Turning through the pages of a magazine the other day, I spotted an ad for an apron. The illustration showed a nice bib with a catchy message embroidered across in attractive colors. The lower part was generously cut to protect the front of one's clothes. Nice. Price: $95. NINETY-FIVE dollars!!!??

How unreasonable can you get? That's more than I pay for a garment for special occasions that has years of wearing expectancy.

After I simmered a little bit, I questioned: Has it maybe been so long since the apron was a part of daily dress around the house that the modern shopper looks at it as a luxury item?

Aprons we wore were made of feed sacks, leftover material from a quilt lining, or the full skirt of a dress that had worn out at the top.

They were made for usefulness, not looks. They caught the spills from cooking and cleaning and saved us from having to wash an entire soiled dress on the washboard. If I wore an apron with that sort of price tag, I would be protecting IT!

I would have trouble using the corner of such an expensive apron to grab a greasy handle of a pot about to boil over, or to swipe a dusty tabletop as I passed by; or to wipe a dripping nose if a box of tissues wasn't within reach.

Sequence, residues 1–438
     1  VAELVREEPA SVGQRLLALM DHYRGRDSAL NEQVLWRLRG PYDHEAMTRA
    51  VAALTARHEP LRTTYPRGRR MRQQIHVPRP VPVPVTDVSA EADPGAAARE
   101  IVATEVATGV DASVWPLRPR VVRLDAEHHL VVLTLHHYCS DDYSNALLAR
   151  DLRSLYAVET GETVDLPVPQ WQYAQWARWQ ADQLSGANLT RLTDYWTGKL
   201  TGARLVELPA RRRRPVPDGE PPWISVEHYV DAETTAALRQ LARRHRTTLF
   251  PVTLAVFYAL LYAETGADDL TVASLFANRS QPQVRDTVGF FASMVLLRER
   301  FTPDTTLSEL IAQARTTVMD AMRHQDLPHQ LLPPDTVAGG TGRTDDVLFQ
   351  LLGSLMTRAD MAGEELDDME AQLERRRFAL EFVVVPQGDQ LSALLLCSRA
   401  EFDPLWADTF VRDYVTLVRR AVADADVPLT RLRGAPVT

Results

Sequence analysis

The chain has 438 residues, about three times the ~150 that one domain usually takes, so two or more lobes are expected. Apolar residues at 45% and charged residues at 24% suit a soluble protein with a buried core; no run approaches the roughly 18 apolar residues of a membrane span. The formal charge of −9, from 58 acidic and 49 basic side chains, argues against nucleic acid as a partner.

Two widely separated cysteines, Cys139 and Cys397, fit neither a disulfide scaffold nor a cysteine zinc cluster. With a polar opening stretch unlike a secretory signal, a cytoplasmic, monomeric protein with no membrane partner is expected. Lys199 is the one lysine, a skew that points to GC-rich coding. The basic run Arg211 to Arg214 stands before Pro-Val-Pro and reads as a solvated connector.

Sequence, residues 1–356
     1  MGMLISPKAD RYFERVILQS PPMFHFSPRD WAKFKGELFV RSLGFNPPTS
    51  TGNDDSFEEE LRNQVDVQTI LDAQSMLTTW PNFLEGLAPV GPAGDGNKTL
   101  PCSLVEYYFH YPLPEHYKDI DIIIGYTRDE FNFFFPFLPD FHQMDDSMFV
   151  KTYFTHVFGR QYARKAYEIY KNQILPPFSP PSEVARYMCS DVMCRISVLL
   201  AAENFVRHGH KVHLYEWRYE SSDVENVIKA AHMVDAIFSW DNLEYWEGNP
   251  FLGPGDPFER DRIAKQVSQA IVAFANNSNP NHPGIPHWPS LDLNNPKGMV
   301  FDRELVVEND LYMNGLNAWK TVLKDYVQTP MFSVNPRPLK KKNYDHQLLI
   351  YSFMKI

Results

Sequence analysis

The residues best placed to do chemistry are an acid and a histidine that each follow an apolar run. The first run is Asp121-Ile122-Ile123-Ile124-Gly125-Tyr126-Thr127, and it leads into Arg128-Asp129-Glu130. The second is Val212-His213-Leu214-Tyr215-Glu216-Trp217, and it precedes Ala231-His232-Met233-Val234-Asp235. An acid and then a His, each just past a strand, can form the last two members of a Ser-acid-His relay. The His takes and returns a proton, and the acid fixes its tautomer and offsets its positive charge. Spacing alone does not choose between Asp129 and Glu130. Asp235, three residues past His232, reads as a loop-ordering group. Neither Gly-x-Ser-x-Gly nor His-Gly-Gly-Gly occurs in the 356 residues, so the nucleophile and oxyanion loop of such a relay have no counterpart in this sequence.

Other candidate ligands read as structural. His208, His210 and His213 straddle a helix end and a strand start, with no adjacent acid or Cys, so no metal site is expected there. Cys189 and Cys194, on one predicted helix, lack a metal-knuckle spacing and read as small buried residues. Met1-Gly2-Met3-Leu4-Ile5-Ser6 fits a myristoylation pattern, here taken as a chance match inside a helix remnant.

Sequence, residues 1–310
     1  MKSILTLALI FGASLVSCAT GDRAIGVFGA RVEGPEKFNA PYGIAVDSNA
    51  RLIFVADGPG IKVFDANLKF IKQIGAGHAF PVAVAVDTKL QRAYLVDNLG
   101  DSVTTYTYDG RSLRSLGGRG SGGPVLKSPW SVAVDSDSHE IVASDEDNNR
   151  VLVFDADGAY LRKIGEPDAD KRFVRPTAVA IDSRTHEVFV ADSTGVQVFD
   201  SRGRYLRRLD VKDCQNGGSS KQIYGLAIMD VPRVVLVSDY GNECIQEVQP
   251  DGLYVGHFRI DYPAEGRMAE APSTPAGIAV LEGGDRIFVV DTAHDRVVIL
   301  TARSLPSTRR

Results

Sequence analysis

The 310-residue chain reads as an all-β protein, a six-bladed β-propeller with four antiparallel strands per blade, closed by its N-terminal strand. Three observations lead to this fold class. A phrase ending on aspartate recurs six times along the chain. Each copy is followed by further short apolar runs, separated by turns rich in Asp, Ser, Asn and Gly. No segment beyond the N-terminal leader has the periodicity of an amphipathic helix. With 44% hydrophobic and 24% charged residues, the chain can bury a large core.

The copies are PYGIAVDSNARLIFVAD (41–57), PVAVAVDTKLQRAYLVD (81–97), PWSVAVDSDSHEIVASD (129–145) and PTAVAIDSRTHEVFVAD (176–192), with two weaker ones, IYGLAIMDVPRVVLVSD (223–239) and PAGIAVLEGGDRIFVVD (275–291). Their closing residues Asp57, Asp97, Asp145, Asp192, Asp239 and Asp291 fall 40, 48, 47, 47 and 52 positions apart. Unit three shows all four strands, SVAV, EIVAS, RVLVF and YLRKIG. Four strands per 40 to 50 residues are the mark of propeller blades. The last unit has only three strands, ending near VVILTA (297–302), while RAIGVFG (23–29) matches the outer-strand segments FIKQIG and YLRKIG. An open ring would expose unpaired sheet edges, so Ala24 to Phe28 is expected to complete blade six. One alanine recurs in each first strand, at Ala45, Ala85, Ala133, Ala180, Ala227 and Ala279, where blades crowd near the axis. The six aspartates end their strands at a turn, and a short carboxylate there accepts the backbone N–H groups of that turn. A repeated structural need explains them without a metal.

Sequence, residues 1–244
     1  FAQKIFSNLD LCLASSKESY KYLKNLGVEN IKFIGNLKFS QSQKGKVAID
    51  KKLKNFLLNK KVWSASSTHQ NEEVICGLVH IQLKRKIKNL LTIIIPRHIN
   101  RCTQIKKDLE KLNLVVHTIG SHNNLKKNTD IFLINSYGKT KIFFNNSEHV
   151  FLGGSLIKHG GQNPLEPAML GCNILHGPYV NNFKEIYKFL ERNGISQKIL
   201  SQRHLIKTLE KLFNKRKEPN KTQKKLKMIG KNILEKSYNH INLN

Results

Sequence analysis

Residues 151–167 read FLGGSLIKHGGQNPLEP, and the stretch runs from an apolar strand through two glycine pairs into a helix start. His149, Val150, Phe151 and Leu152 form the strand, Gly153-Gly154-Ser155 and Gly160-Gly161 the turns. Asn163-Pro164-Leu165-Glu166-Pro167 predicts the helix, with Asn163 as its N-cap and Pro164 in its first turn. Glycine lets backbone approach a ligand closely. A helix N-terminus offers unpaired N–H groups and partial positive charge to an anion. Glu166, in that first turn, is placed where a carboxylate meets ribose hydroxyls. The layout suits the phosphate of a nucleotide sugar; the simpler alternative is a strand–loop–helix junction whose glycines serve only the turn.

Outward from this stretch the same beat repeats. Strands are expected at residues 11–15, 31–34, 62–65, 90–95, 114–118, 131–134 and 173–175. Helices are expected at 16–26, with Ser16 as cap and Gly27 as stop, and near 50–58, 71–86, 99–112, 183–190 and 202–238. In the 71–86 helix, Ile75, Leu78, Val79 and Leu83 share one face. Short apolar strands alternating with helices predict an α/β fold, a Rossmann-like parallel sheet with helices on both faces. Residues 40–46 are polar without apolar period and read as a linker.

I would think twice about gathering the bottom into a pouch to carry juicy tomatoes from the patch and instead go back to the house for a bucket. Its pretty color might fade if I used it to shade my head in the hot sun for any length of time.

I realize that as money and materials became more abundant, aprons did take on an additional role as an accessory. Light and somewhat delicate fabric was used to make tea aprons or custom models for certain occasions such as holidays. Ruffles might be added, or scallops encased in color-coordinated bias tape.

The pocket on these updated versions was often not practical. It was not big enough to collect items picked up around the house that needed to be returned to their normal storage place or to hold small tools that I was using for a task.

But these later fancy aprons were in addition to the regular, functional aprons, and certainly did not cost much to make (not buy).

Ninety-five dollars? What would my mother say? I'm out of words myself.